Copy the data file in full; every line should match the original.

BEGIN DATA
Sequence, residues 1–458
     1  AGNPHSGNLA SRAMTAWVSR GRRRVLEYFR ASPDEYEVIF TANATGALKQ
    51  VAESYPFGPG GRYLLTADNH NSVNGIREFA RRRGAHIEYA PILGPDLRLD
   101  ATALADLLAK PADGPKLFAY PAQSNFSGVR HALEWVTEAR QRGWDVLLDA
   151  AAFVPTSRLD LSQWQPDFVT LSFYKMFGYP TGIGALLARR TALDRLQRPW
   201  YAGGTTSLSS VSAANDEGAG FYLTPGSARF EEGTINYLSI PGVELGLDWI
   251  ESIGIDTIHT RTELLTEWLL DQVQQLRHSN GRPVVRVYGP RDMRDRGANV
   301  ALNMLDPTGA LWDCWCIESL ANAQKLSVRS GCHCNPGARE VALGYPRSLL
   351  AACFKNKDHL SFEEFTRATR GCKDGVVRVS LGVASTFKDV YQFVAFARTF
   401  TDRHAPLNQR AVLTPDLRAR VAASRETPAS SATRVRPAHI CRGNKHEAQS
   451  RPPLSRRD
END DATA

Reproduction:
Sequence, residues 1–458
     1  AGNPHSGNLA SRAMTAWVSR GRRRVLEYFR ASPDEYEVIF TANATGALKQ
    51  VAESYPFGPG GRYLLTADNH NSVNGIREFA RRRGAHIEYA PILGPDLRLD
   101  ATALADLLAK PADGPKLFAY PAQSNFSGVR HALEWVTEAR QRGWDVLLDA
   151  AAFVPTSRLD LSQWQPDFVT LSFYKMFGYP TGIGALLARR TALDRLQRPW
   201  YAGGTTSLSS VSAANDEGAG FYLTPGSARF EEGTINYLSI PGVELGLDWI
   251  ESIGIDTIHT RTELLTEWLL DQVQQLRHSN GRPVVRVYGP RDMRDRGANV
   301  ALNMLDPTGA LWDCWCIESL ANAQKLSVRS GCHCNPGARE VALGYPRSLL
   351  AACFKNKDHL SFEEFTRATR GCKDGVVRVS LGVASTFKDV YQFVAFARTF
   401  TDRHAPLNQR AVLTPDLRAR VAASRETPAS SATRVRPAHI CRGNKHEAQS
   451  RPPLSRRD